Our natural inclination is to request mentoring from someone we admire and feel comfortable with. That is often the first mistake – we do not grow in comfort; we grow more in situations where people push our boundaries and our buttons. The ideal coaching partnership is for two people of opposite profiles to work together, as the learning then becomes symbiotic. So often someone may also ask someone to mentor them because they are senior or in the position that they would like to eventually be in. That too does not necessarily make them their best mentor.
The mentor needs to look at the potential and the progress plan of the mentee. Are you really the right person to assist? Sometimes you may be able to impart sufficient wisdom in one conversation and be brave enough to suggest professional guidance. The first conversation should start with the mentor asking, “What do you want?” and then, “What do you actually need?”
Do not allow mentoring to be simply a series of conversations. Tasks bring the process to life. Be mindful of making the sessions too personal or trying to transfer your personal style to someone else. If you are warm and engaging, it is absolutely fine if someone else actually gets to the point.
Choose your venue carefully. Whilst coffee shops and restaurants are pleasant, it is advisable to be in a confined, businesslike area that allows you to make better use of the time and to focus on the process. If you are trying to help someone elevate themselves to board level, work in a boardroom. The more tangible the process and plan, recorded in writing or audio, the more likely you are to see potential developed. Know that whilst it is vital to have good structures in place, there will be surprises along the way and it is also good to let the process evolve naturally.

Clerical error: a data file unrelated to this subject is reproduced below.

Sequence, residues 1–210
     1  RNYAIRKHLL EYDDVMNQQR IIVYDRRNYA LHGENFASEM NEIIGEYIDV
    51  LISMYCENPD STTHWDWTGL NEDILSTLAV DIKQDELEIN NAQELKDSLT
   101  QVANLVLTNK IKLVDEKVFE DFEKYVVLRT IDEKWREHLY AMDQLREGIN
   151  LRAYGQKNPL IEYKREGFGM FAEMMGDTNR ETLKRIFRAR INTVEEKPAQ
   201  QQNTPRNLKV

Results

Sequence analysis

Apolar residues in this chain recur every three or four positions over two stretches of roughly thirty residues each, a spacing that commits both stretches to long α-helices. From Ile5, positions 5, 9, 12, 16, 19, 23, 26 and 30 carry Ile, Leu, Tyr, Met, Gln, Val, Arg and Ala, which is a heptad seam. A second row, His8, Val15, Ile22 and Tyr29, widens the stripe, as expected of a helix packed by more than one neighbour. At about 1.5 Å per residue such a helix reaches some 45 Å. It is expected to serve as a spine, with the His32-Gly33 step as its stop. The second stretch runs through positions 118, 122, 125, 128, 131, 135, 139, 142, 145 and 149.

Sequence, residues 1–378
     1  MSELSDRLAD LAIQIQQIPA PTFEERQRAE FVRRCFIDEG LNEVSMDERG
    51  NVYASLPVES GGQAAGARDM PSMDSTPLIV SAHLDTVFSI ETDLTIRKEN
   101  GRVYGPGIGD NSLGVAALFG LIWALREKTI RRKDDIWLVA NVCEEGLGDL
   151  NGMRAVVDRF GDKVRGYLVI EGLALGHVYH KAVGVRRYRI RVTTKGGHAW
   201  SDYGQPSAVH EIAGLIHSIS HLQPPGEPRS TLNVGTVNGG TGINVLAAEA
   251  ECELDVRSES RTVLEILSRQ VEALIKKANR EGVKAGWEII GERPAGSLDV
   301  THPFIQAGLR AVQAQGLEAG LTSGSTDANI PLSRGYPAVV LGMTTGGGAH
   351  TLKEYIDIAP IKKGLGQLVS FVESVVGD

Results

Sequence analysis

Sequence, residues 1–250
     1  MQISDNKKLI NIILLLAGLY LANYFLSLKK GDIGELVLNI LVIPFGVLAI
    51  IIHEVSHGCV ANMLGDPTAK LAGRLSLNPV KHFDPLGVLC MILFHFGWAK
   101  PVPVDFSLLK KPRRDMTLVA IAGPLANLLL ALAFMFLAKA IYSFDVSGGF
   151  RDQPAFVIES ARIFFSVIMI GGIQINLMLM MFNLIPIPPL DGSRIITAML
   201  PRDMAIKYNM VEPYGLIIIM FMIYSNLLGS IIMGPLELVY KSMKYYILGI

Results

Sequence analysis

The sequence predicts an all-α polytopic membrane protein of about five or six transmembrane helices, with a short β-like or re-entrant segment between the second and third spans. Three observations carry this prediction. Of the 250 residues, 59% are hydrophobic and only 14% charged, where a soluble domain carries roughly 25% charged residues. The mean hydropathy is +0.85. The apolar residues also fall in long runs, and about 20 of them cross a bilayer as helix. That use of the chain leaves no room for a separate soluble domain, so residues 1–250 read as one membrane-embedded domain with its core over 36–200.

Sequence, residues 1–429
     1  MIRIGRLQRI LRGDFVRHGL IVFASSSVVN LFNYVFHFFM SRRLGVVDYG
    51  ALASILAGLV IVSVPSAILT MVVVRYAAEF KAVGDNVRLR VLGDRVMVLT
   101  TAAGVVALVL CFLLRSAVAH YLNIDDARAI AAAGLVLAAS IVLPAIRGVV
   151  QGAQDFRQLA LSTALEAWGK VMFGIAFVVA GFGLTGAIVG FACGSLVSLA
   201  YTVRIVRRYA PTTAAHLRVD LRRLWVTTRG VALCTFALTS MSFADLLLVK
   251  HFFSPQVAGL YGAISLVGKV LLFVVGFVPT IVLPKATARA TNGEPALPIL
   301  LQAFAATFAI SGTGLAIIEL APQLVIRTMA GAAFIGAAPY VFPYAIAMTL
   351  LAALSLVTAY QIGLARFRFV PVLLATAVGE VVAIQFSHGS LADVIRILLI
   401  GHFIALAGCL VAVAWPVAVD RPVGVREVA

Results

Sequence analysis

There are many ways of becoming a mentor – there are incubator programmes in many educational institutions and academies. There are mentorship online directories, alumni programmes, development forums, trade associations, industry bodies and networking associations. Put yourself out there. The old adage: “When you are ready to learn, the teacher appears”. Be that teacher.